Parents just cannot catch a break. Right now, we’re experiencing something unprecedented, what doctors are calling the “tripledemic”:  RSV, flu, and Covid. These outbreaks have parents extremely concerned, and with the holidays looming, they’re asking how can we keep everyone protected? Below are some guidelines and information.

RSV (respiratory syncytial virus) is a common-cold virus that can result in severe complications in young children, particularly babies. Symptoms include chest congestion, cough, and fever. Children under two years can experience difficulty breathing and a drop in blood oxygen. 

The CDC says the virus has been on the rise over the last few weeks, and reports show that children are filling hospital beds more now than over the past two years of the pandemic. If you combine this outbreak with the usual incidence of flu and Covid, you have a lot of sick children. 

“Our community is having a surge of RSV and Influenza A,” says Dr. Noha Polack of Progressive Pediatrics, which has offices in Bayonne and Union City. “I advise parents in my practice to be mindful that babies, especially those who were born prematurely, are at risk of getting quite sick due to these two viruses.” 

Health practitioners are seeing the spike in cases in part because children’s resistance to pathogens declined during Covid. Long stretches at home, no daycare, and fewer playdates meant kids had less exposure to common colds and to viruses and therefore less opportunity to develop immunity to them. 

So, what can we do with major holidays coming up and lots of potential family gatherings?

Limit exposure

Dr. Polack advises, “It is your responsibility as a parent to protect your baby. So, if you think those in attendance at your gathering may have been exposed to or have RSV, flu, or Covid, consider declining the invitation.” 


Experts say parents should get children vaccinated against flu and Covid when age appropriate. If there’s one thing that Covid taught us, it’s that wearing a mask is not so horrible or inconvenient. Family members who don’t have time to quarantine after traveling can still visit with your baby if they don a mask. Personalize it. Make it festive. Don’t underestimate a mask’s protection from germs sprayed by the mouth or nose. Germs are also spread on surfaces. So, remember to wash hands frequently for at least 20 seconds. It really works.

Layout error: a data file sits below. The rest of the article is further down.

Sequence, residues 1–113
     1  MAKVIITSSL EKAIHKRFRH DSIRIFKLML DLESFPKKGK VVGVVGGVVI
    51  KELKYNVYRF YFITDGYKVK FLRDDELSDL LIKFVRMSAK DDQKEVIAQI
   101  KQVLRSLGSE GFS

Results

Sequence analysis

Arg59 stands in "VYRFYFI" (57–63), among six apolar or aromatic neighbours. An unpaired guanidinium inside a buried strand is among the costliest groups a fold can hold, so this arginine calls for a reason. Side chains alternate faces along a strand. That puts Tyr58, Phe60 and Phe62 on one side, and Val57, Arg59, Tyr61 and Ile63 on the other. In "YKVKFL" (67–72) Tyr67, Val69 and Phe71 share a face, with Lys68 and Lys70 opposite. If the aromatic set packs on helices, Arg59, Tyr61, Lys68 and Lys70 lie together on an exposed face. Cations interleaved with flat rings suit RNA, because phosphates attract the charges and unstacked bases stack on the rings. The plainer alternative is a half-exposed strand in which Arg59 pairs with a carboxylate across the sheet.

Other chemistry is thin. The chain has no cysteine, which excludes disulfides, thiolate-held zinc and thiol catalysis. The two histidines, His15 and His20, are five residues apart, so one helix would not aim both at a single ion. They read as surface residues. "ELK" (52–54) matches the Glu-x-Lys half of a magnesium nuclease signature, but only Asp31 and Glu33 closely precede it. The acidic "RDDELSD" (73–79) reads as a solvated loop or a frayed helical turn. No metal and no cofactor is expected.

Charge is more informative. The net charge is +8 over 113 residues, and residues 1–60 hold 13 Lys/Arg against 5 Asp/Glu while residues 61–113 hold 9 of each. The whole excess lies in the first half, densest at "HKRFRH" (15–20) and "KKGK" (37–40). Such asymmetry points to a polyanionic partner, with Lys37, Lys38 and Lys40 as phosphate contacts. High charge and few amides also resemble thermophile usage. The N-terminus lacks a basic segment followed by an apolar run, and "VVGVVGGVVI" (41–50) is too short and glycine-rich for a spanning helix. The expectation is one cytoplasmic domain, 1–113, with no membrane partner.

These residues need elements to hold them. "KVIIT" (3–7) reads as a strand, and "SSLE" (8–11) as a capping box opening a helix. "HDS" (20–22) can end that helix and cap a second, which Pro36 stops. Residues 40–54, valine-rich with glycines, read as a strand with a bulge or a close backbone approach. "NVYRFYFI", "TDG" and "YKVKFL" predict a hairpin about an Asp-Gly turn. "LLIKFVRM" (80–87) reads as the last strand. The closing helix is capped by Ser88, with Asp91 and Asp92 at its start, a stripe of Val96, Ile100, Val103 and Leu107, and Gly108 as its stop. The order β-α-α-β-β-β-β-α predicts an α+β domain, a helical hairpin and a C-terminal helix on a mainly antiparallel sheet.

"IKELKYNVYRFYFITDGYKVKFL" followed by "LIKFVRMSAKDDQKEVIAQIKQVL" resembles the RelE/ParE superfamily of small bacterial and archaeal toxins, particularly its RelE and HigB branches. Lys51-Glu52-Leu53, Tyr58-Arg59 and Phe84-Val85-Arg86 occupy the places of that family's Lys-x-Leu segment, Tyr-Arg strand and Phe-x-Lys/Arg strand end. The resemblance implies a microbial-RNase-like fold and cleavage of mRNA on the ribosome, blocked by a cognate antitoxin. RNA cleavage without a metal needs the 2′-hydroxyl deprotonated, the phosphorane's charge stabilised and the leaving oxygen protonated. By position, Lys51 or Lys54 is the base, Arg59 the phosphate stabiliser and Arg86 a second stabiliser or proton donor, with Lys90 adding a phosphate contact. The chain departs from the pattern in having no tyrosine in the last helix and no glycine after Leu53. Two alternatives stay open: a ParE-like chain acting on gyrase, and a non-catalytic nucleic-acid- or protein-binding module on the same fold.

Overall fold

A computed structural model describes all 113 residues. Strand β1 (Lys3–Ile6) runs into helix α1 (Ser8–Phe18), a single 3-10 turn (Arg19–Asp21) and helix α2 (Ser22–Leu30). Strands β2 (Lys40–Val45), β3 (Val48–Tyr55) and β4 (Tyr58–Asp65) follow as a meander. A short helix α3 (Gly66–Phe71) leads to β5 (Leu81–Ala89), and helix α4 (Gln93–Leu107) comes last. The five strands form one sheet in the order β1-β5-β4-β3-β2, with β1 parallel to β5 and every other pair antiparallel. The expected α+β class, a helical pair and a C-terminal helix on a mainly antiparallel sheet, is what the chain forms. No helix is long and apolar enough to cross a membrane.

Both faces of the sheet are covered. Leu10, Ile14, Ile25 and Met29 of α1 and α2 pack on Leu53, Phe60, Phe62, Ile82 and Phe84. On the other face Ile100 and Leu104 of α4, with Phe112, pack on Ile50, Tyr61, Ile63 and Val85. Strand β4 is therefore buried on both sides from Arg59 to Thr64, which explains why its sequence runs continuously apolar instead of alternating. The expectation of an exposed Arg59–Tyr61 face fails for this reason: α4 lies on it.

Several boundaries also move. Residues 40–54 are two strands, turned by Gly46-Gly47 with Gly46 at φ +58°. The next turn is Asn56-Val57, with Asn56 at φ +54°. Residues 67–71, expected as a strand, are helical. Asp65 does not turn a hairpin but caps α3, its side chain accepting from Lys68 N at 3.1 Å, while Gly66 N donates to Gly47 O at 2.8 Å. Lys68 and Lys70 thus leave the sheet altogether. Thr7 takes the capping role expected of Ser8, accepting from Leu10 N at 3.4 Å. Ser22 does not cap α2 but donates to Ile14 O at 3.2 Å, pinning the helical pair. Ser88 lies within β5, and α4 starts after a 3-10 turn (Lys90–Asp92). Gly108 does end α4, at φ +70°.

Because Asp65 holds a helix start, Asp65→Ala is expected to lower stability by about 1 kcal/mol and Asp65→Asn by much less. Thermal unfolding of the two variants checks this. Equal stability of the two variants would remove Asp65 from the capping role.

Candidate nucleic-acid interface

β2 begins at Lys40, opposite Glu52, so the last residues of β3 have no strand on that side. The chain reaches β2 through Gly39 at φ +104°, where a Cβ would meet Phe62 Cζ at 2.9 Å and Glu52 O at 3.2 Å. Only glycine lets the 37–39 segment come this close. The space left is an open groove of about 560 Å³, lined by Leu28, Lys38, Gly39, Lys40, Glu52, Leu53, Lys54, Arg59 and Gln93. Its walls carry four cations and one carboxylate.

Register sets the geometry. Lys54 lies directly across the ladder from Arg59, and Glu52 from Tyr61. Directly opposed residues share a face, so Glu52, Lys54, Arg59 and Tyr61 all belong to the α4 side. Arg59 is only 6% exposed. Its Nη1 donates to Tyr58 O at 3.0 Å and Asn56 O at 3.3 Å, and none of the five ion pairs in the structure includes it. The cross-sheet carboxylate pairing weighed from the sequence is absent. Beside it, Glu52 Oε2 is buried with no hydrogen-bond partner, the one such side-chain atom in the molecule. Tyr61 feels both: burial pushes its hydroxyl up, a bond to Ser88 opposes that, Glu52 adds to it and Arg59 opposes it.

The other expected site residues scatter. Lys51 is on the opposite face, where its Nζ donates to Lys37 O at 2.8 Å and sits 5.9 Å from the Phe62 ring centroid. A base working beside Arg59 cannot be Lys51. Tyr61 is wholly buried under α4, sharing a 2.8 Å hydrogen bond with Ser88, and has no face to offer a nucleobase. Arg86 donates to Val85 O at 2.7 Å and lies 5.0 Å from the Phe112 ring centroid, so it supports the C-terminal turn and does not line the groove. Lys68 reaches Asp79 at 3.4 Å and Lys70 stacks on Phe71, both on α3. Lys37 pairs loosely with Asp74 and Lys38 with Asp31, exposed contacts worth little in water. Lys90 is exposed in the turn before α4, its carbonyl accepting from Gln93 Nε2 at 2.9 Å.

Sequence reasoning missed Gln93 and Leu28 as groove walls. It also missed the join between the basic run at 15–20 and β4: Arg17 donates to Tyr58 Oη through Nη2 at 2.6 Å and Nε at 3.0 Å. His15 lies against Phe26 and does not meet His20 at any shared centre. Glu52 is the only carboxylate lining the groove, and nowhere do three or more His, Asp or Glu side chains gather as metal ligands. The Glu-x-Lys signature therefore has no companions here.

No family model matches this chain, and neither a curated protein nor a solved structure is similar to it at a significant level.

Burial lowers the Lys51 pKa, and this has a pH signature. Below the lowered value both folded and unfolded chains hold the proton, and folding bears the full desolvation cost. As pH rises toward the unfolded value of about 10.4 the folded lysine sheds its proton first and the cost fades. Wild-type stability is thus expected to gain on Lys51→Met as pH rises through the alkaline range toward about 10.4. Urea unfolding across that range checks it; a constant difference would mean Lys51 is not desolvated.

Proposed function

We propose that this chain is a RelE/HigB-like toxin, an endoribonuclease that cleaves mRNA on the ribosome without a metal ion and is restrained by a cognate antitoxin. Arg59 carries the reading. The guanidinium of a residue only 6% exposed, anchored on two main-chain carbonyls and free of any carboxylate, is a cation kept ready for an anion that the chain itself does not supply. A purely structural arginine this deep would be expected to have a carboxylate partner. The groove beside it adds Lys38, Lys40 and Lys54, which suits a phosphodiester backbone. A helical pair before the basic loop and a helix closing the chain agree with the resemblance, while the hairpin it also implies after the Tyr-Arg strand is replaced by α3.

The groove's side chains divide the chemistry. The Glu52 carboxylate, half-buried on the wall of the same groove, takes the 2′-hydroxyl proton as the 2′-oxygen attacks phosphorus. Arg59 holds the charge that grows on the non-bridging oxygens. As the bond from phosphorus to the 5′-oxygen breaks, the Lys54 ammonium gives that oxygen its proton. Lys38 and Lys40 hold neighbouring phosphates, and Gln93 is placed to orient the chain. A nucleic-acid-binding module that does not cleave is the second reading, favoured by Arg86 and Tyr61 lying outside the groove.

Sure, everyone is very eager to meet the new baby; perhaps this holiday is your family’s first large-scale gathering since 2020, and everyone is so excited for you to attend, even pressuring you. Remember, if your baby under 2 months of age gets a fever, he or she needs to be examined in a timely manner and will likely need to undergo lab work to rule out such causes as blood infections, urinary infections, and meningitis. These tests, particularly the spinal tap for meningitis, can be invasive and painful. Weigh the benefits over the risks, and consider what’s most important for your family.

The pandemic taught us to truly fear contagions, but it also taught us how to protect one another and cope. As parents, we are automatically in protective mode when it comes to our babies, so a “tripledemic” like we’re experiencing can spike worry and anxiety levels. 

Communicate clearly with family members who may not take your concerns seriously. Emphasize the risks of any of these illnesses. Seek counseling if anxiety about them makes you feel overwhelmed. Most of all, remember you are not alone. 

Parents all over the country are feeling the same conflict about wanting to both protect their young ones and enjoy a normal, festive family gathering once again. Pfizer plans to release an RSV vaccine very soon. That should certainly alleviate these issues for next season. 

Photo by Laura Garcia

Jayne Freeman, aka Mamarama, has been working with area parents for over 14 years as a certified childbirth educator, breastfeeding counselor, and postpartum doula. She offers classes & support services...